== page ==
The “Grand” Piano of Dinara Klinton

The “Grand” piano of Dinara Klinton

St Mary’s Perivale
I have heard and admired Dinara Klinton many times and am always astonished at the beauty of sound and clarity of thought of this amazing young artist.
Even more so today knowing – only after the concert- that she had shut her finger in the bus door on the way to the concert!
It meant a painful time for her but such is her professionality we were never aware of anything except the sumptuous feast of music that she treated us to today.
Starting this full length afternoon recital at St Mary’s Perivale with a twenty five minute feast of Tchaikowsky.The famous Humoresque op 10 I have heard before but never the Nocturne that precedes it.
From the very first notes there was a magical liquid sound and some very subtle counterpoints to the poignant flexibility of the melodic line in the Nocturne.
Ending in a whisper it paved the way for the famous Humoresque.
With a teasing sense of rhythm and a kaleidoscope of subtle colours and pianissimi of exquisite charm ending in a veritable puff of smoke.
The Valse Sentimentale op 51 n.6 is full of that typical yearning ,nostalgia that is so much part of the Russian spirit.This too was played with a quite irresistible charm.
The deep lament of the Meditation op 72 was played with such subtle colouring.
Great rhetorical sentiment and a quite magical trill to end.
The Andante-Maestoso from the “Nutcracker Suite” in the Pletnev arrangement closed this group of pieces by Tchaikowsky.A great virtuoso transcription in which Dinara with her noble sense of balance and fearless virtuosity swept up and down the keyboard with breathtaking splashes of sound.Her complete control of balance and sumptuous sense of colour brought this group of salon pieces to an astonishing end in the style of the great pianists of a bygone age.
The first half closed with the Sonata n.4 in C minor op 29 by Prokofiev.
The absolute clarity and control from the first sinister bass notes took us so clearly to the final burst of startling mettalic final chords of the first movement .The relentless throbbing of the second movement in which the magical melodic line is allowed to float led to a frenzied climax.The diabolic virtuosity of Prokofiev in the last movement with its scherzo type melody ,so typical of these early sonatas .was played with a drive and startling sense of inevitability.Dinara had guided us through this maze of sounds with an unusual clarity and sense of direction.

Dinara at the end of a memorable recital
Three Scarlatti sonatas followed after the interval.
Such clarity and crystal clear ornaments that glistened in the serenity of K. 11 in C minor.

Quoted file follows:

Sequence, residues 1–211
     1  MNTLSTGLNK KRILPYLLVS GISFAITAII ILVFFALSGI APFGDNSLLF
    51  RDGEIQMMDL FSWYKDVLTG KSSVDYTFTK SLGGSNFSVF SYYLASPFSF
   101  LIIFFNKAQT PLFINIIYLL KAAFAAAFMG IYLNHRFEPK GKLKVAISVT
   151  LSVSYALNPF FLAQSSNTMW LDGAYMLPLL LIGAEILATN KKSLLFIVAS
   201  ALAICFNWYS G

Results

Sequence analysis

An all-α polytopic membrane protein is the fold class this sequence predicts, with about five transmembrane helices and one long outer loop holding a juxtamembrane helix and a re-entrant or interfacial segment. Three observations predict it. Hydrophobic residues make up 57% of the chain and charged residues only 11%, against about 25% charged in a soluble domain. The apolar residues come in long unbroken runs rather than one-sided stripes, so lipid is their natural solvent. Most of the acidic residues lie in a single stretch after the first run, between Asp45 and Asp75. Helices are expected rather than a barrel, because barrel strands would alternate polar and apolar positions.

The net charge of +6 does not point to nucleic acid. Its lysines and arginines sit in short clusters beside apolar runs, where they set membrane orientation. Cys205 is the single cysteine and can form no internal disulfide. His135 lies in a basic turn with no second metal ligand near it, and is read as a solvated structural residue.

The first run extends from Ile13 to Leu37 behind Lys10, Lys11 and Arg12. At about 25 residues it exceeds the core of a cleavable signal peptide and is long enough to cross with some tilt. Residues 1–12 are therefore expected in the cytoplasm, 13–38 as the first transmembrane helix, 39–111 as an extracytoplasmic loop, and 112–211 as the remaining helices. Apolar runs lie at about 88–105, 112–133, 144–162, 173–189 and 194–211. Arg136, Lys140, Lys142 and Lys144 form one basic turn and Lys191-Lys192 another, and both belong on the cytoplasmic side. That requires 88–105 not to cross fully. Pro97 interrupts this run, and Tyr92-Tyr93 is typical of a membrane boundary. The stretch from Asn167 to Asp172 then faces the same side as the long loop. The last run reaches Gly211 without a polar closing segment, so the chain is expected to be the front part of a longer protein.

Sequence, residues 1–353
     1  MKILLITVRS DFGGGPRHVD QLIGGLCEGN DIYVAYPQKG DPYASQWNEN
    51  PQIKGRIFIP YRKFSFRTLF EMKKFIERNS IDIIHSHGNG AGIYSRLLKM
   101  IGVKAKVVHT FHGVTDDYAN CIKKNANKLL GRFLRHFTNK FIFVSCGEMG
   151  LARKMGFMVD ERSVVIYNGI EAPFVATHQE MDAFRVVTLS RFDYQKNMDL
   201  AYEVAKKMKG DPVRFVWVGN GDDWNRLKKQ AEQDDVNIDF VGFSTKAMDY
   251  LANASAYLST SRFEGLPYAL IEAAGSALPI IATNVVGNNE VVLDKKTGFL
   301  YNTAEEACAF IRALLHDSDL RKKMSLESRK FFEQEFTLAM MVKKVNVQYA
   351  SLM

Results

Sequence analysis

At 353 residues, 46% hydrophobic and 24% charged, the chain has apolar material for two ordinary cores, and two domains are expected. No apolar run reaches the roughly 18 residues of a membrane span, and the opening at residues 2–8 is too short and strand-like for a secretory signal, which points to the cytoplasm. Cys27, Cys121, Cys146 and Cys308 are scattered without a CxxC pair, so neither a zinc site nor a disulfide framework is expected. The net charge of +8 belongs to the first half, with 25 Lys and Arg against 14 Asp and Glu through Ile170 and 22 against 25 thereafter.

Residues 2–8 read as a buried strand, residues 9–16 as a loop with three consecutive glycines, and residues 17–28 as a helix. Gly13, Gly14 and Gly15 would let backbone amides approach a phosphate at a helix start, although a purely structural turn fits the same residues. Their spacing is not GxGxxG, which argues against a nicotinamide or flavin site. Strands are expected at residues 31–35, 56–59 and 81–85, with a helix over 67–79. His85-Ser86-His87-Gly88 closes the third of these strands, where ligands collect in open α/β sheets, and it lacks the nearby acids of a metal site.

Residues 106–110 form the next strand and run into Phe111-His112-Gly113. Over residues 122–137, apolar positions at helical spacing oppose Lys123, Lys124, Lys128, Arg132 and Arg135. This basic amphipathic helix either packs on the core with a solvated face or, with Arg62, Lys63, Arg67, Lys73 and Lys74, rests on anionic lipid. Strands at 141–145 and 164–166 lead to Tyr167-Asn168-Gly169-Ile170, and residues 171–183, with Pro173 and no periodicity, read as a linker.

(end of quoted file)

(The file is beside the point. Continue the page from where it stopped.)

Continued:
K 545 in B flat was played with a rhythmic propulsion and such subtle dynamic contrasts.The beating of the drum in the left hand and the playful syncopation gave a great ‘joie de vivre’ to this little gem.K.208 in A was played with a gloriously delicate melodic line.
The Sonata in A op 101 by Beethoven opened in a most pastoral way her great sense of balance allowing the melody to sing but always integrated into the harmonic structure of the whole.The first movement had a great sense of serenity and space due to her very subtle use of pedal and the flexibility of the simple melodic line.The second movement had a relentles rhythmic drive with a great sense of control.Beethoven’s pedal markings meticulously interpreted and integrated into dynamic contrasts to startling effect.The Adagio was allowed to sing so beautifully and the return of the first theme that heralds the finale was pure magic.The Allegro was played with great rhythmic energy like water bubbling in the brook.
A great sense of forward impetus and a startling sense of contrast starting almost inaudibly with an impressive left hand in the fugato that built up gradually to a very convincing climax.A performance in which she had seen the great architectutal shape that Beethoven had intended and her sumptuous sound world allowed her to shape it from the first to the last note so simply.
Two Transcendental studies of Liszt closed the programme.
Dinara has recored all twelve of the transcendental studies that have long been acclaimed by the press.
In n.9 ”Ricordanza”from the very first notes we were taken to the world of the Romantic salons.Seemless scales played with a delicacy that accompanied the elegance of the melodic line.A sense of style that reminded one of the old recordings of Egon Petri or Nikita Magaloff.
The study in F minor n.10 was played with diabolical virtuosity and great sense of passion.
A grandeur that reminded us of how grand the piano can sound in the hands of a master.
No encores possible as she told us the remarkable story of her finger that was injured in the bus just a few minutes before she had to play.

St Mary’s grave yard
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